Abraham actually saw his obedience as an act of worship. When addressing his servants he said, “I and the lad will go over there; and we will worship and return to you” (Genesis 22:5). This is almost mind-boggling. How many of us could consider a test of this magnitude as worship? When we worship God, we do so because of who He is - holy, true, trustworthy, and faithful. Abraham was proving beyond any doubt that He knew God. He was confident Yahweh was the Dream-giver, not the dream-stealer. I’m not yet sure what this is all about, Abraham must have reasoned, but God has something very important He is up to and it’s not the death of Isaac.
Did He ever!
The Dream-giver was Himself dreaming at Moriah. The path to the recovery of His dream would be painful and ugly, and He was about to give us a sneak preview. This entire episode was designed to paint a picture of the Cross, where God would one day recapture His dream of family. No one else knew His plan, not even the angels, but here on this very mountain He would sacrifice His Son and redemption’s song would one day be sung.
Father God was well aware that the violence of this future day would be dreadful beyond description. Creation itself would hide its eyes (see Matthew 27:45) and the very foundations of the earth would shake (see Matthew 27:57). God’s heart would break, the angels would watch in shock and horror, and the Son of God Himself would cry out in anguish (see Matthew 27:46). But this violent death would also be love’s crowning act.
When the day actually occurred, Satan believed it would be the day of his ultimate victory. This could end God’s dream once and for all. Satan did not know the details of God’s redemptive plan, but he did know it was somehow wrapped up in His Son. Kill Him, he thought. He has become human, breakable, mortal. Kill Him and kill the dream! What Satan didn’t know—no one but God knew it—was that the cross was written into the dream.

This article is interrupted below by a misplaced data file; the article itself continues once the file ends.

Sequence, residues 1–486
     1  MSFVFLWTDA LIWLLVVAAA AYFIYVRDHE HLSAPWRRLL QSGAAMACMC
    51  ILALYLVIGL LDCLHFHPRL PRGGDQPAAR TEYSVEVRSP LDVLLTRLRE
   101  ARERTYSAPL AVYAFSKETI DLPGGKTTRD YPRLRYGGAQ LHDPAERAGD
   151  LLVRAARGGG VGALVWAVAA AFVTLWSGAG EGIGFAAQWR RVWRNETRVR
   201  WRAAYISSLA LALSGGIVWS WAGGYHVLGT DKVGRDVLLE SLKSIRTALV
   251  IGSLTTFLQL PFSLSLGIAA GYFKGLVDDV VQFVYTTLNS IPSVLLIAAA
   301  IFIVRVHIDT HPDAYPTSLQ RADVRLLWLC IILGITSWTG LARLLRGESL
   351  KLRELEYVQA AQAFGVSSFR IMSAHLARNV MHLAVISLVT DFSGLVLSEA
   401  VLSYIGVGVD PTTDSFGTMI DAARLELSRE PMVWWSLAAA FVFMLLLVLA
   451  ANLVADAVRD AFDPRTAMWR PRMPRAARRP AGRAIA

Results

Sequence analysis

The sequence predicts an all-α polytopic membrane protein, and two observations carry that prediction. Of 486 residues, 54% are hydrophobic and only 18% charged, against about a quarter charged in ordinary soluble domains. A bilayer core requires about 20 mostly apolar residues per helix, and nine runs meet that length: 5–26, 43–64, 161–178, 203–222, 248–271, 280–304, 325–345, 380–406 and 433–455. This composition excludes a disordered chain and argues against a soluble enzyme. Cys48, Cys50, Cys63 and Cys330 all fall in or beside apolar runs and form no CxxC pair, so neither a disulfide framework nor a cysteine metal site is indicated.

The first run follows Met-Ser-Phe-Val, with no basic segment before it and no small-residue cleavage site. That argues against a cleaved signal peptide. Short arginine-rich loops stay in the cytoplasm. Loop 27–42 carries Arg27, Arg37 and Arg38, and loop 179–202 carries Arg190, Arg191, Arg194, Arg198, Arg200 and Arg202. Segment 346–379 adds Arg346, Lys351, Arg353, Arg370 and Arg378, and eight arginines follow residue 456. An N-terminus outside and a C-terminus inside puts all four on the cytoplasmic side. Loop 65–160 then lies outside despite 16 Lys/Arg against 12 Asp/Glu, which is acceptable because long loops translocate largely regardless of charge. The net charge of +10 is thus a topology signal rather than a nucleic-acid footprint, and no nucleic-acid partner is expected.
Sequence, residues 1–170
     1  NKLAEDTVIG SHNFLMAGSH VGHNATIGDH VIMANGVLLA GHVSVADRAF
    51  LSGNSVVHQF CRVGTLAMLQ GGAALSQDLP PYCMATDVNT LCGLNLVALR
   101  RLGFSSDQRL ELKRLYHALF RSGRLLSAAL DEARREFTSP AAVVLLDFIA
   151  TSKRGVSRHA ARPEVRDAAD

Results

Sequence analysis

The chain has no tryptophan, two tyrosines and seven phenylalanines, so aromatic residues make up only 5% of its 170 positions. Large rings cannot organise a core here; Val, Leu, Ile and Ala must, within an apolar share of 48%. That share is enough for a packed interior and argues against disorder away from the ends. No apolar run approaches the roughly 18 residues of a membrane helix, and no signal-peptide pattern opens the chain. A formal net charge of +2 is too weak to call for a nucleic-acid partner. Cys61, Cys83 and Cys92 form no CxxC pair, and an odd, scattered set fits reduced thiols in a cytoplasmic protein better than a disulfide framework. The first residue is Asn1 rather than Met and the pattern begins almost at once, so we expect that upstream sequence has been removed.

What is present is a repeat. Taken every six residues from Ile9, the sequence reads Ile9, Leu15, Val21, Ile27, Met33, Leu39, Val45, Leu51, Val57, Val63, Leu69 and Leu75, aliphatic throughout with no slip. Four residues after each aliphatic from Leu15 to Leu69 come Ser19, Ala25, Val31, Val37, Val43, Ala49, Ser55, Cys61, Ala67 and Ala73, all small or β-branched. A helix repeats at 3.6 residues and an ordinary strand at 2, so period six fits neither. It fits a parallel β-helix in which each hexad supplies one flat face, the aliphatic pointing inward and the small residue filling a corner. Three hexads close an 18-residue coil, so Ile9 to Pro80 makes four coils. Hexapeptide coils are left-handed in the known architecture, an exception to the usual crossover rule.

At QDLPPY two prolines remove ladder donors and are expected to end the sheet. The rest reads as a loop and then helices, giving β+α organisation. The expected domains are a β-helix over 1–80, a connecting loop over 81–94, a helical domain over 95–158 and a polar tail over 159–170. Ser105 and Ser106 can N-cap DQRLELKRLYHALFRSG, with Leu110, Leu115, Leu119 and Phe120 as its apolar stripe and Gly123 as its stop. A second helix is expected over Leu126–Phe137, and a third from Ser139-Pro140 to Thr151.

Insane, Satan must have thought when the plan succeeded.
Actually, it was brilliant. Painfully and devastatingly brilliant, yes, but brilliant nonetheless. And suddenly it all made sense. What looked like one dying Dreamer on a Cross was really a dream-seed. There were millions of dreams locked up in Him, waiting to be released. Until the Resurrection and Pentecost, Christ’s words in John 12:24 were still not fully understood: “Truly, truly I say to you, unless a grain of wheat falls into the earth and dies, it remains alone; but if it dies, it bears much fruit.” Christ was the grain of wheat; we are the “much fruit.”
That the events on Moriah in Abraham’s day were a foreshadowing of Calvary can be seen by several things:
First, Isaac was referred to as Abraham’s “only” or “only begotten son” no less than four times (see Genesis 22:2, 12, 16; Hebrews 11:17), descriptions that were no doubt meant to be prophetic of God’s later references to His “only begotten Son” (John 3:16).
Moriah, the mountain on which Abraham was told to offer Isaac, was the very mountain where centuries later Christ would be offered as our sacrifice. How woefully fitting and strikingly prophetic that Isaac actually carried the wood for the sacrifice up the mountain (Genesis 22:6), just as Christ would one day carry His Cross! What must have gone through the Son of God’s mind as He watched this prophetic picture unfold!
Perhaps the most telling proof of all was the name Abraham gave the place when the episode was finished. Predictably, the Lord didn’t allow him to go through with the sacrifice. At just the right moment, Yahweh stopped him and revealed a substitute ram God had provided, caught in a thicket. After sacrificing the ram, “Abraham called the name of that place The Lord Will Provide [Jehovah Jireh], as it is said to this day, ‘In the mount of the Lord it will be provided’” (Genesis 22:14). Though I am fairly certain Abraham didn’t know he was prophesying the place of the Cross, history confirms that he was.
The poignancy of this dress rehearsal is impossible to overstate. Here was the Creator painting a picture, indecipherable and veiled to all but Himself, of His most cherished dream and horrible nightmare: recapturing His lost family through the death of His Son. And He is literally doing so on the stage where it will ultimately occur! Perhaps it was because of the pain of the plan that God wanted one of His best friends to be there with Him.